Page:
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Making the most of lectures
Author: ADMIN (ukstudent at gmail dot com)
Published: Mon, 24-Apr-2006
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Making the most of lectures. Article by Martin Greenhow

2.0 Lectures make it possible for you to learn efficiently; there are other ways, e.g. books, but you do need to attend lecturers - all of them, not just when you feel like it! OK? Staff will not take kindly to repeating material from lectures you have missed!

2.1 Lectures are to :
give the logical structure of the module. (Include a copy of the syllabus in your notes.)
give detail and proofs. This will provide a solid base for the module so that methods are not just a series of recipes. Study this material, even if it is not going to be examined explicitly ; it will greatly aid your understanding.
communicate the interest of the subject.
give explanations and examples.

Lectures are not entertainment requiring little effort from you! Pay attention. Thinking and formulating questions about the concepts involved will greatly aid your understanding and enjoyment of lectures.

2.2 Get to lectures and seminars on time and with your notes. Pay attention to the lecture's introduction. In lectures staff will not mind being asked to slow down, write larger, summarise the main points again etc. especially if they know you are a committed student. Make sure you participate fully in the seminars and don't be afraid to ask "silly" questions they are often the best ones to ask.

2.3 Sit where you can see and hear properly. Contrary to popular belief, you will not catch anything from the lecturer by sitting in the first two rows!

2.4 In mathematics, and probably all science and technology subject modules, write down everything the lecturer writes on the board verbatim! Maths is a very succinct language and every bracket and comma means something. Write down some of what the lecturer says in shortened form alongside the formal notes copied from the board. Ask in seminars about anything which is not clear.

2.5 In more subjective modules, very little may be written down on the board and it will be necessary to summarise the spoken lecture in shortened note form; you do not need to write complete sentences for this - phrases or diagrams may be better. Tidy up and annotate these notes later with comments on e.g. what is going on in a proof or process; you will not have time to completely rewrite them but you should highlight the main results and arguments. Seek help with anything you do not understand from either the lecturer or friends. Add the date and page numbers when filing your notes.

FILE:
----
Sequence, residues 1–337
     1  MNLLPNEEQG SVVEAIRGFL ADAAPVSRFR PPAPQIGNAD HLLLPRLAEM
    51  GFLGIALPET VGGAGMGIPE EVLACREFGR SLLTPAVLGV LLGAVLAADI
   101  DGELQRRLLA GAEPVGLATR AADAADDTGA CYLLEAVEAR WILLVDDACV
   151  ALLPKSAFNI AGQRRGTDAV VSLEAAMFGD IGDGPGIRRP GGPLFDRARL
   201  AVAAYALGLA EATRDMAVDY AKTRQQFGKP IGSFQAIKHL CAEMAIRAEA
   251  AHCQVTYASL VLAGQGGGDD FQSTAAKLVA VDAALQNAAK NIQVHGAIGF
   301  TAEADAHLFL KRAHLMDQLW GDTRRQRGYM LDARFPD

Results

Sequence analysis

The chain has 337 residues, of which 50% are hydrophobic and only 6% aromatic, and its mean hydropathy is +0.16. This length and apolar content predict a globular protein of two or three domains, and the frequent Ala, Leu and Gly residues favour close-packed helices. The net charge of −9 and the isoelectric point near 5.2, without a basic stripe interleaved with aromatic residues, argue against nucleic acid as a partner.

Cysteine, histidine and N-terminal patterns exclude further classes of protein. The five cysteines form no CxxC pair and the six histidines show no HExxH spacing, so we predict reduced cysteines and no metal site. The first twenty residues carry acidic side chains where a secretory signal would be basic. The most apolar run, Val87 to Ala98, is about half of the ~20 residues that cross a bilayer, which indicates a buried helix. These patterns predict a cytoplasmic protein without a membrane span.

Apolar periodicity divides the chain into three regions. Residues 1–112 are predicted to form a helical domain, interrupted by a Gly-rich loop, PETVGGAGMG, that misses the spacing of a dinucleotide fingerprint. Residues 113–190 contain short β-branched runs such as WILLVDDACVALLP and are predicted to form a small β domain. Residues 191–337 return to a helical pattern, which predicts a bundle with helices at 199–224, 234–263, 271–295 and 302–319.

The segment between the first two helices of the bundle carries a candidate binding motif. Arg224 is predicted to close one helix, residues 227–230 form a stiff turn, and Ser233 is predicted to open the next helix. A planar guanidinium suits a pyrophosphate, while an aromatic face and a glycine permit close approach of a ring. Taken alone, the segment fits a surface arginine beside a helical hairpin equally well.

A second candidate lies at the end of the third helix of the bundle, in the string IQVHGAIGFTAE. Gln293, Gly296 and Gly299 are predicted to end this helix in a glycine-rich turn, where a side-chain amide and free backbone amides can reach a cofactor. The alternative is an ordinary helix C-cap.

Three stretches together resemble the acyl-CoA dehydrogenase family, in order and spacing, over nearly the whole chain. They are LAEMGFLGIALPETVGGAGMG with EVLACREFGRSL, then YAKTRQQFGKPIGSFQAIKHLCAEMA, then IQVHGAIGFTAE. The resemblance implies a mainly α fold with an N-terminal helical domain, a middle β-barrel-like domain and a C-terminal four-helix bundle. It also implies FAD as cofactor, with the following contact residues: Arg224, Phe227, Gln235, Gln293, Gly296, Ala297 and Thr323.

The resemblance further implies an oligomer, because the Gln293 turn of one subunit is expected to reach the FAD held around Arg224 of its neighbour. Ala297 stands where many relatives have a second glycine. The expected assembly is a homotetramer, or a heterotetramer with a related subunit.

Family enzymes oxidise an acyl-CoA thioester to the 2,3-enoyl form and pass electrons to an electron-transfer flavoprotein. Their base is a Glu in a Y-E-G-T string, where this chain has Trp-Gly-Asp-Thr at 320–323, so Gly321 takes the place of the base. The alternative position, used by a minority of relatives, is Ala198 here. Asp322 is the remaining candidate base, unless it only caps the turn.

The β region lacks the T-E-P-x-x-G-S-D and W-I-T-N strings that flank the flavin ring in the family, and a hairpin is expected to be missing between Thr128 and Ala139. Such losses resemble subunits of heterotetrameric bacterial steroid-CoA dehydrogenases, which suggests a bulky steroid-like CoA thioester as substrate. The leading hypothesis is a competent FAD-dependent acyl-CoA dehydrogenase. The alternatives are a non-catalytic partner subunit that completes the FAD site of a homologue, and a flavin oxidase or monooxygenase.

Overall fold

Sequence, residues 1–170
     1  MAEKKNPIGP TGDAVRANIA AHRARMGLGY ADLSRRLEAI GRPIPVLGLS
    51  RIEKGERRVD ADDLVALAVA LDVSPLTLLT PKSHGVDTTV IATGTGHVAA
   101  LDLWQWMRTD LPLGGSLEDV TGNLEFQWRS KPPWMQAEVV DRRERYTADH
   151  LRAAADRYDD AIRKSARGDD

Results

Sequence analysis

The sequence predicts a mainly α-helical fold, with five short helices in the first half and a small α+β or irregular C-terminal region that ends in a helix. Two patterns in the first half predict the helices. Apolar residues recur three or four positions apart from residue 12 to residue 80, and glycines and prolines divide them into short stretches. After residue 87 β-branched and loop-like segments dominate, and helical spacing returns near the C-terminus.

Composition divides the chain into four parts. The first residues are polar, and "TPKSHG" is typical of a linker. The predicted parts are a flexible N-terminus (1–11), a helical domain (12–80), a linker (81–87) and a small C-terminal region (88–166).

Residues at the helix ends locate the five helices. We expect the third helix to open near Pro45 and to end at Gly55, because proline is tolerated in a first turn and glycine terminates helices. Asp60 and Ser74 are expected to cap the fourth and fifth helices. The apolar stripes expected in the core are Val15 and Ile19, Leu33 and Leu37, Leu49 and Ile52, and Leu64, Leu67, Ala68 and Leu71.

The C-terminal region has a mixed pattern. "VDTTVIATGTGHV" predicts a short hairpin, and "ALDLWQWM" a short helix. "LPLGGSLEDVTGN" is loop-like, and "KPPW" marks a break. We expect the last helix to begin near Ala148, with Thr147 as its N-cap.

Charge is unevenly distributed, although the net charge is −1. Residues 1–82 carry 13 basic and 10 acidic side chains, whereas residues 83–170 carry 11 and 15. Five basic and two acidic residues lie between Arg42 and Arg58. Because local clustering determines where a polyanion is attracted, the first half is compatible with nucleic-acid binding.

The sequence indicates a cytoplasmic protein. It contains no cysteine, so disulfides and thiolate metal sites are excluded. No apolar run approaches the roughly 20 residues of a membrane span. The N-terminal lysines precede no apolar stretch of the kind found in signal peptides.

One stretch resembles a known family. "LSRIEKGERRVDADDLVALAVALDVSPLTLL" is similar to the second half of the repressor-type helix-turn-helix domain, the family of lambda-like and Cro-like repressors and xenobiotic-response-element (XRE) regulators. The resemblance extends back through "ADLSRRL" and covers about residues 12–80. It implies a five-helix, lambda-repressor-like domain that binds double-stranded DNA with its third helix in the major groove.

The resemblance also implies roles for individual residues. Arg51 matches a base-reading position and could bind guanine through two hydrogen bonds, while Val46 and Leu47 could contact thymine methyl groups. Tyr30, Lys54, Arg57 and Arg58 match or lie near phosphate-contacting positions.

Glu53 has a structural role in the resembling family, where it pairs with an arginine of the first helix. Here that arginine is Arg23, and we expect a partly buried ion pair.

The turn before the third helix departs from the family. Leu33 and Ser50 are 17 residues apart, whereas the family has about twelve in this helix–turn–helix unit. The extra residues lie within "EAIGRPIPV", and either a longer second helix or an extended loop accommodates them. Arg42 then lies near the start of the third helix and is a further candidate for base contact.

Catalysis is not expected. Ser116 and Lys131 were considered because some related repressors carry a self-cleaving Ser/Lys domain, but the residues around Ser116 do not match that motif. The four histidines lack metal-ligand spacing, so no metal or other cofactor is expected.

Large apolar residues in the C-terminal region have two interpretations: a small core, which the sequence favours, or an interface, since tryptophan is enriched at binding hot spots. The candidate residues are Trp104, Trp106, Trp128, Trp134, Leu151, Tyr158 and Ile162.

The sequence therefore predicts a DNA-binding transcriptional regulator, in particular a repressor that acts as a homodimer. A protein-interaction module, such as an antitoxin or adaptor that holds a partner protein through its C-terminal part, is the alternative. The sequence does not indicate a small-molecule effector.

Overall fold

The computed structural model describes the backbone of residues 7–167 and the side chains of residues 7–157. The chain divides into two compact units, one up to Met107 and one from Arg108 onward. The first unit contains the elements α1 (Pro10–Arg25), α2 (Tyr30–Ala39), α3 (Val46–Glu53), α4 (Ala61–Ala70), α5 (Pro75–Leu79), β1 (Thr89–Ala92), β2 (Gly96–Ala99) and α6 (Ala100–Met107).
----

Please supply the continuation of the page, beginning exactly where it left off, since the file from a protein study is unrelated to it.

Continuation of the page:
2.6 Make sure you understand and can quote formal definitions of all mathematical and scientific terms.

2.7 Read your last lecture notes thoroughly before each lecture, so that you can understand the subsequent material better. Lecturers are unimpressed with students seeking explanations when they have not even read their previous lecture notes. Do so!

Put question marks in the margins in pencil against anything you do not understand.
Read the notes again, and you'll be able to rub out some of the earlier ?'s.
Make sure you ask about any remaining ?'s in the seminars or lecturers.

As a last resort, and only after you have attended the seminars and lectures, you can ask to see the lecturer and/or your tutor (but we will not be impressed if you haven't been attending and want private help as a substitute - most lecturers will then say no!).

2.8 Show the sequence of the points and their relationship. Do this diagramatically as a
classification tree showing classes, subclasses etc.,
spray diagram with the main topic in the centre and consequences spreading out in all directions from it. This is good for showing what leads on to what.
skills tree, with inner topics depending on outer ones.
flow chart. This is very useful for describing logical sequences and is essential for writing computer programs of any complexity.

Click here to view an example of a FlowChart.

2.9 Take the trouble to learn the lecturer's and your tutor's name and title. "Sir" or, worse still "Miss" is not appropriate at university lecturers are not schoolteachers and are not responsible for your studies. Until you are invited to do so, stick to "Dr Death" or "Professor Strangefeatures" rather than first names. Staff are busy and teach a lot of students so don't expect them to know who you are at first. When seeing staff, state you name, course, year and what you want as precisely as possible, especially if you are emailing, phoning or faxing them.

Copyright for this article belongs to Martin Greenhow

This document was extracted from 'Study Skills Online' and re-printed with the kind permission of Dr Martin Greenhow. The original source of the article (and 11 other sections on study skills) is located here: http://people.brunel.ac.uk/~mastmmg/ssguide/sshome.htm

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